This summer, dozens of breweries are swapping their shaker pints and Teku glasses for cones and mugs. A small but growing number of beverage producers are using breakthrough technology to turn their beverages into frozen “ice cream”. In scoop fashion, fruit stouts and sour topped with chocolate chips and sauce are flying from the taprooms as temperatures rise.
All thanks to a creation by WDS Dessert Stations in Huntley, Ill.: A proprietary gel called NEA (which stands for Nitrogen Ingredient Additive, although it was misspelled on the patent) that allows any alcohol to freeze in an almost solid in its subzero soft serve machine. “That’s what makes the impossible possible,” says chef and creator Will Rogers, who has used the system at catering events for years to serve alcoholic treats like vodka lemonade cones.
Other beer makers have dabbled in frozen beers before and slush machines aren’t new to brewery bars, but it’s only recently that alcoholic soft serve sundaes have made their way onto menus. breweries that broke new ground with the sub-zero serving alcohol system, and it took off almost by accident.
“When I first designed these machines, never in a million years did I think that the brewing industry was our main market… [but] these brewers are real chefs. They are chefs in their craft, ”says Rogers. “If you think beer is just Miller or Bud, you don’t think of these fruits [sours], coconut stouts. … It’s ice cream!
The local company, Ten Eyck in Queenstown, just handed out its very first beer cones last week. “It’s ice cold beer. Yes, it’s true, ”Nicki Sener, co-founder of the brewery. “We have the very first beer serving machine in Maryland. It turns our beer into a delicious, cold and creamy treat.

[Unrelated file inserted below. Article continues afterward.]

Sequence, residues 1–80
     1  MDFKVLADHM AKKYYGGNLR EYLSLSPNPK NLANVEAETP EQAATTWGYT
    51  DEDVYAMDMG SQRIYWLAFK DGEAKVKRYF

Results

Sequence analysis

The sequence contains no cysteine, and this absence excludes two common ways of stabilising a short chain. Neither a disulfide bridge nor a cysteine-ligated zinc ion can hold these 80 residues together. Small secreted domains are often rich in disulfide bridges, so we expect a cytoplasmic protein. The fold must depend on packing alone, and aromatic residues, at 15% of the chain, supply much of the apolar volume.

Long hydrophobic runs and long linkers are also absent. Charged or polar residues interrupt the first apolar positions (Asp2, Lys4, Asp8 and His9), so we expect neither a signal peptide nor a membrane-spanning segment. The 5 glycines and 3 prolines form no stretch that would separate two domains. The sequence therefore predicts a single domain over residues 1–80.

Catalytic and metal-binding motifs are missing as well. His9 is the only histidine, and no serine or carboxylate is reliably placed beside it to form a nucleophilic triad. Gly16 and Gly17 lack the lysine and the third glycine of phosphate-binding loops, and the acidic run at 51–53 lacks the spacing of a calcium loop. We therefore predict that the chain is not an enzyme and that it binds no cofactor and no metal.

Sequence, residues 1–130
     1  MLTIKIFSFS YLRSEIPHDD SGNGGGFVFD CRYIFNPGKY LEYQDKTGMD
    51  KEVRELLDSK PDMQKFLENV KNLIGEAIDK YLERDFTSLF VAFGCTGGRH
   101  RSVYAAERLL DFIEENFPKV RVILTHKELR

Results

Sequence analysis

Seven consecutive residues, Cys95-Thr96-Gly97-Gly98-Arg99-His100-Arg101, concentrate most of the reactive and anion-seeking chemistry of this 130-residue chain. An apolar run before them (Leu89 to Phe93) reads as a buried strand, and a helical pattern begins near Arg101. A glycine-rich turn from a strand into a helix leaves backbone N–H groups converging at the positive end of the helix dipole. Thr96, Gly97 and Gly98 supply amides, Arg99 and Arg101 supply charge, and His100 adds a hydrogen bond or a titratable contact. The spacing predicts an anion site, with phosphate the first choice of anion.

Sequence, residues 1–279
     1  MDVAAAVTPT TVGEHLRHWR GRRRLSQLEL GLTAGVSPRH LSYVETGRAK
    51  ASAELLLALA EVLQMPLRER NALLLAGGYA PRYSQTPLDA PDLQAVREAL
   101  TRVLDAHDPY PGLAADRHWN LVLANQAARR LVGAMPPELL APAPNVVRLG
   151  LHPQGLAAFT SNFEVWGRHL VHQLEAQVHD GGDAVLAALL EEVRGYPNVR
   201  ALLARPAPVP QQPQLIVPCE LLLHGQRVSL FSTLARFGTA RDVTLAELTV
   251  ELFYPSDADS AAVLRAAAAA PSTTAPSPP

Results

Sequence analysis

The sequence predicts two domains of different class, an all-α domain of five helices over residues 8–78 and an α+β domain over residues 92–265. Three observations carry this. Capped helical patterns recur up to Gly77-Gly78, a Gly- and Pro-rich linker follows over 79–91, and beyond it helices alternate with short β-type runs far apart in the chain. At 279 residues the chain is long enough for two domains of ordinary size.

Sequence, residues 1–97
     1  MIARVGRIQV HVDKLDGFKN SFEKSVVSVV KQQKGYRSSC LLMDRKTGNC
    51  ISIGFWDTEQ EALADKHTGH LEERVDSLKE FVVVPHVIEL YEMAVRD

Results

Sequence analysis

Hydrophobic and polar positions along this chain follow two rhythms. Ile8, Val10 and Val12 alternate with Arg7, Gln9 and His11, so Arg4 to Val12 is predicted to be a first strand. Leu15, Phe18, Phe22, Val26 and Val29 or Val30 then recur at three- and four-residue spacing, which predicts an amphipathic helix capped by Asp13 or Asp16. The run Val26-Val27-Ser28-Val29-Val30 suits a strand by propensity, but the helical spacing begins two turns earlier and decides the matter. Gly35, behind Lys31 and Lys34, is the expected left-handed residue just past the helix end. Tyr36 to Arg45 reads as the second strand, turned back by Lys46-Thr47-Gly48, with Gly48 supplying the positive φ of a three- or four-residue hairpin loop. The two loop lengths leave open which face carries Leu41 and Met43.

The first flavor to try with the new magical making machine – Bicycle Face Crush – a sour and fruity beer loaded with vanilla and tangerine and reminiscent of everyone’s favorite summer treat, orange crush!
With a plethora of other hard ciders, hard seltts, and sour like Independence Day cider and Bicycle Face dragon fruit, they shouldn’t be short of fun flavors to try turning into frozen treats.
The story of this fantastic invention begins with something completely opposite to alcohol, however: while running an ice cream shop, Rogers and his team created massively caffeinated espresso ice cream. This led to thinking about how to find a way to go to the other side of the equation: alcoholic ice cream.
After a few years of experimenting with gums and stabilizers in the ice cream industry, “it kind of moved my chemistry forward,” Rogers says of the formulation process. The product is FDA approved, dairy free (so no, it’s not technically “ice cream”) and fully pasteurized – “it’s even certified kosher,” Rogers adds. “Everything in terms of safety, we have exceeded it. And while one might assume that a banana custard pie won’t pack the same punch as the IPA it’s made from, the alcohol itself isn’t wasted at all. So it doesn’t matter whether you put a high ABV stout or an easy-drinking Berlin weisse in the machine, you will always have the equivalent of a beer.